By Olivia Cahoon
Print service providers (PSPs) use print management information systems (MIS) to automate daily tasks and manage inventory, consumables, prepress, post press, graphics, and pricing from digital to large format and often include integration with CRM and scheduling, reporting, and payment functions.
Print MIS is an investment that requires time, effort, and startup costs that may deter PSPs from implementation. We spoke with print MIS vendors to determine indicators for investment and how the technology benefits digital printing environments.
From Stressful to Simple
Print MIS software works with a PSP’s existing digital or hybrid print workflows. In the commercial print space, this includes integration with leading prepress workflows. Packaging providers also achieve end-to-end integrations for analog, digital, and hybrid production environments.
“End-to-end workflow is about achieving an overall business objective of growth, diversification, and improved profitability, and while single or point solutions can help with these, they often only move the core issue further downstream,” according to Nick Benkovich, senior director, portfolio management, EFI Productivity Software.
MIS offers visibility, control, and efficiency. Stephen McWilliam, EVP, Avanti, explains that accessible information maintained by MIS creates better decisions. The software manages and tracks the cost of hundreds of jobs per day and eliminates required touchpoints to finish jobs.
MIS solutions reduce the time and effort needed to complete web to print (W2P) storefront orders through production—orders are shipped with minimal input. Joseph Lehn, product management director, PressWise by SmartSoft, says fully integrated systems are designed with the basic premise to keep touch points to a minimum.
Dorothy Asboth, North American sales manager, Label Traxx, says studies show the number of orders in a print environment can double with digital. “We see the biggest payback for those shops that see a large amount of reorders, like label converters.” Print MIS encourages job data to be consistent so job specifications are easily repeated on press for each product run.
Tulin Edev, VP, Printer’s Plan, says MIS software often includes features like print estimating, order management, inventory management, in-depth reporting, data exporting, and web solutions. Its features have the required tools to manage a digital hybrid printing business.
While MIS software offers control, some companies haven’t yet invested in MIS. The most apparent inhibitor for these companies is resistant to change. Organizations must be willing to move through change management and invest in an end-to-end workflow.
In addition to change, PSPs must also be willing to invest time. “With company margins as limited as they are, printers run with a minimal amount of staff, which makes the thought of taking the time to implement a new system difficult to contemplate,” says Lehn.
Lee Ward, global sales director, Tharstern, agrees and says small companies consider the implementation process as neither quick nor easy. “It isn’t a plug-and-play solution and companies have to invest time, effort, and capital to get it working,” he states.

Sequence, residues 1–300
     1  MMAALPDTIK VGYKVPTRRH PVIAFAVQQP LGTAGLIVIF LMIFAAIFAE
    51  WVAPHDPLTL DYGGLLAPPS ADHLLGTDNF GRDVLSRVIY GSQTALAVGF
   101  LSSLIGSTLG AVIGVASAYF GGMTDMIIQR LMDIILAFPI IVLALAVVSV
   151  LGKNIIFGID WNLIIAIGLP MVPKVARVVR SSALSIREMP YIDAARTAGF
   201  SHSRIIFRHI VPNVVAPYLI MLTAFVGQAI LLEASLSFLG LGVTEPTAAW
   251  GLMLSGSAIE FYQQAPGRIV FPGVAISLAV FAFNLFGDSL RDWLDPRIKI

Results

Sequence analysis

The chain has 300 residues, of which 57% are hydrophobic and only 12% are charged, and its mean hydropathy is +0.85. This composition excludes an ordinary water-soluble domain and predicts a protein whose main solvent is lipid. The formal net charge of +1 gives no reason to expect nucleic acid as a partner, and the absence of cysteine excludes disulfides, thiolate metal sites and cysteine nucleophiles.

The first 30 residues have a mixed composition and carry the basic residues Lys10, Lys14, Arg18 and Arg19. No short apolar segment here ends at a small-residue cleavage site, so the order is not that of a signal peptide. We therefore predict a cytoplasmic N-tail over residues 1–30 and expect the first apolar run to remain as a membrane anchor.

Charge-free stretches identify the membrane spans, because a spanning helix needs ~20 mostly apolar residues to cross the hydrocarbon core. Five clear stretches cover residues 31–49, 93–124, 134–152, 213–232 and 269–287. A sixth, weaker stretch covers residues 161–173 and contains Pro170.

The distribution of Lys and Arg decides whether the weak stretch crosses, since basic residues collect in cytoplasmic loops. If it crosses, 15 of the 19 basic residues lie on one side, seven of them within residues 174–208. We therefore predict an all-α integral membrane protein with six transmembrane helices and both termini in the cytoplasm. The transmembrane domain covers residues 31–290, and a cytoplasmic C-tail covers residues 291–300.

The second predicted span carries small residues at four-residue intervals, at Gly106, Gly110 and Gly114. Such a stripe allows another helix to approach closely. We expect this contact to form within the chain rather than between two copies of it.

Benkovich says many of these companies are smaller businesses that consider MIS to require too many resources in terms of IT infrastructure.
Startup costs also inhibit PSPs. Unsuccessful prior attempts to implement a system concern potential prospects. Morrie Brown, president, Printpoint, explains that lack of effort either within the PSP’s shop or poor support from the MIS vendor leads to frustration. A desire to match prior pricing may lead to irritation when the shop doesn’t understand the pricing system it was dependent on—resulting in an inability to articulate pricing and bring them to an automated computer system.
Besides the actual cost of software, PSPs must also consider operating costs. Peter Dhondt, business development manager, CERM, explains that PSPs need to invest in server hardware, software modules, software maintenance, and web hosting.
Jordan Melick, business development manager, Accura MIS, says MIS provides the ability to perform many functions from a single entry point, allowing users to be more efficient.
Certain indicators help PSPs determine if implementing a print MIS solution is viable. For PSPs handling large volumes of digital print jobs, print MIS helps optimize job distribution, throughput, scheduling, and asset utilization.
“Those types of extremely automated, streamlined workflows work with very few touch points but are also scalable to different print production needs,” explains Benkovich. Single-location offset and digital print shops experience similar efficiency and growth in the technology implementation of wide format inkjet signage and graphics businesses. Short-run printing indicates higher order volume that leads to more invoices, estimates, and job tickets. Benkovich adds that the increased need for these tasks on a higher frequency of short-run orders creates increased automation in digital print production and business management workflows.
McWilliam states that PSPs who have growing and difficult to manage shops, are moving into different segments, or have unfulfilled customer requests due to lack of processes, consider MIS solutions. “As more businesses add new lines of business, whether it be digital equipment or marketing services, a print MIS streamlines workflow, eliminates islands of automation, and ensures the tools to stay on top of the operation.”
Other indicators that suggest it’s time to implement a print MIS include lost orders, customers questioning inconsistent pricing, an irregular path of orders, and a lack of integration from the W2P storefront to job ticketing, production, shipping, and invoicing. “Re-keying of information from one system into another is a clear indication of time that could be better spent producing new work,” says Lehn.
Digital printing requires the organization and management of many digital assets and files. Lehn explains that MIS software provides an organizational system that allows more time—especially for short print runs that create less margin with less working time.
Nate Burns, sales manager, Virtual Systems, says PSPs considering an MIS solution should move if they have experienced redundant data entry, customer service issues, or mistakes regarding incorrect estimates, issues in production, or missed billing items.